Tibet Unrest Government-in-Exile Demands UN Intervention
The streets of Lhasa were relatively quiet on Saturday after the Chinese authorities imposed a curfew. The government-in-exile says it has reports of 100 people killed during violence on Friday and is calling on the UN to intervene.
Heavily armed police and soldiers were out in force, tanks patrolled the streets and all shops were closed in the Tibetan capital Lhasa on Saturday after the Chinese authorities imposed a curfew following Friday's violent protests.
China is reporting that 10 people were killed on Friday, while the Tibetan government-in-exile in India said it had received "unconfirmed reports that about 100 people had been killed."
On Saturday the exiled government, based in Dharamshala in northern India, called on the United Nations to intervene and investigate the "urgent human rights violations."
On Friday Tibet's exiled spiritual leader the Dalai Lama expressed "deep concern" over China's crackdown and urged his fellow Tibetans "not to resort to violence."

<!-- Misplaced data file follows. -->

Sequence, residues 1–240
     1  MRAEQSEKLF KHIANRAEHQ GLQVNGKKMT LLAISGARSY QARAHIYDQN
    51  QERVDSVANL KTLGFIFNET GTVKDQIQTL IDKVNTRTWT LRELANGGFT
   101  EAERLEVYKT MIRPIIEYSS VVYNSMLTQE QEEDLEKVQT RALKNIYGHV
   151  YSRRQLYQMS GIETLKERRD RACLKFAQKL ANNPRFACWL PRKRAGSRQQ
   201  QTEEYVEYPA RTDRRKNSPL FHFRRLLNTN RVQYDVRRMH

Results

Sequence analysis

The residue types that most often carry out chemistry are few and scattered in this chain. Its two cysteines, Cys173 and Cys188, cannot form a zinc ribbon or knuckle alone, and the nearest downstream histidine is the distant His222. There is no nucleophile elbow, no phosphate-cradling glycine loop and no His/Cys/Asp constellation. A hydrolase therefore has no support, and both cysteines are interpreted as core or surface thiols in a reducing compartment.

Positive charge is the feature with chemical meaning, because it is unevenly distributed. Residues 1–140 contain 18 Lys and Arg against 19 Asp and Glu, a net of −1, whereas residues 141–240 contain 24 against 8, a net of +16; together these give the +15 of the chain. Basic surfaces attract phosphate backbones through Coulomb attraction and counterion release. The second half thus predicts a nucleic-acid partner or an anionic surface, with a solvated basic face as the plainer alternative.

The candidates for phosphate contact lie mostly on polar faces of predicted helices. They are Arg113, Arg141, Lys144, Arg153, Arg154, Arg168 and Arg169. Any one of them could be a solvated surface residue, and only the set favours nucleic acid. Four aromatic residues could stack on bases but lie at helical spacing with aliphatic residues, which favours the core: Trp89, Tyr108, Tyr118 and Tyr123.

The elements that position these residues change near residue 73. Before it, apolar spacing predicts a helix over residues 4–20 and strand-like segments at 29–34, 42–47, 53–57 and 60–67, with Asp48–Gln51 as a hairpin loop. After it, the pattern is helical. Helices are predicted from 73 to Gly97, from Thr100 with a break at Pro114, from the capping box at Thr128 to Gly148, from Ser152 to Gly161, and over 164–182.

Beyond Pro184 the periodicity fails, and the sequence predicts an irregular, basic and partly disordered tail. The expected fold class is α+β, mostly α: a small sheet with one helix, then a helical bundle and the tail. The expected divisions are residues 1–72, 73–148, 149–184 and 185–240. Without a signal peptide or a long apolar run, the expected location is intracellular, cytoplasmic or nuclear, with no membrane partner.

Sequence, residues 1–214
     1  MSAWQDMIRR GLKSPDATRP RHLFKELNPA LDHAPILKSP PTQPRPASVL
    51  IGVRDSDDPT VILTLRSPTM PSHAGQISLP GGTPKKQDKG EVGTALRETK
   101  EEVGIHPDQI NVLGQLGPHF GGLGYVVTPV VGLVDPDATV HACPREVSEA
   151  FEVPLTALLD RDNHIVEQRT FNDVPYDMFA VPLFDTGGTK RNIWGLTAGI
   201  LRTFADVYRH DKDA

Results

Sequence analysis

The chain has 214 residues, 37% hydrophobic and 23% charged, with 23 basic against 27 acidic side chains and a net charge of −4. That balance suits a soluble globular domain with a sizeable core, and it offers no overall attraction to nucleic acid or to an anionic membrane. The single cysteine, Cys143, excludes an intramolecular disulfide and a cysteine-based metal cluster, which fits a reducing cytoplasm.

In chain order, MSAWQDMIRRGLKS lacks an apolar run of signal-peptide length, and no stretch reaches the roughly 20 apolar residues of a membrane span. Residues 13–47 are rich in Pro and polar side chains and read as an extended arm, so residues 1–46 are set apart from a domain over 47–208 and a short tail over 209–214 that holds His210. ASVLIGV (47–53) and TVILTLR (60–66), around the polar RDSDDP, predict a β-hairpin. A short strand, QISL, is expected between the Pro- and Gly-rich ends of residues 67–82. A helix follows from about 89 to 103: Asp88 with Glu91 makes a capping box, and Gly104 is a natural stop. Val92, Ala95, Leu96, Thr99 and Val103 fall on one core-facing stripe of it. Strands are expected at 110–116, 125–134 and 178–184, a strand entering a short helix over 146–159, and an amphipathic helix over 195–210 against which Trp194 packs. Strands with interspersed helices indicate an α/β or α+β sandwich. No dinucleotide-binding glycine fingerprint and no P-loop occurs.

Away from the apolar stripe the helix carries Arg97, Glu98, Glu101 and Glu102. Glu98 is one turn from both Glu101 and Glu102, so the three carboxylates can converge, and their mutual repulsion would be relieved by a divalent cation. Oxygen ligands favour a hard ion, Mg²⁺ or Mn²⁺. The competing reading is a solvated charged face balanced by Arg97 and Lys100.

The unrest in Tibet began last Monday when Buddhist monks began peaceful protests to mark the occasion of the 49th anniversary of the uprising against Chinese rule. On Friday when police tried to stop the monks from protesting in the capital Lhasa, ordinary Tibetans began to hurl stones and set fire to shops and cars.
A spokesman for the Dalai Lama denied Chinese charges that groups allied to the spiritual leader had "organized, premeditated and masterminded" the unrest. Chhime R. Chhhoekyapa told Agence France Presse the accusations were "baseless," adding: "As far as we can see, these protests are spontaneous."
Despite the outbreak of unrest in Tibet, Beijing is insisting plans are going ahead to hold a torch relay for the forthcoming Olympic Games, which is scheduled to go through Tibet and be carried across Mount Everest. Spokesman Sun Weide told reporters: "The hosting of the Beijing Games is the 100-year dream for Chinese people and I think the Chinese people, including our compatriots in Tibet, very much look forward to hosting the Games."
But events in Tibet are already undermining China's plans to present itself in a good light during the games, which kick off in August.
And there are signs that the unrest could spread. On Satuday police fired tear gas to disperse a sympathy march by Buddhist monks in the town of Xiahe in western China.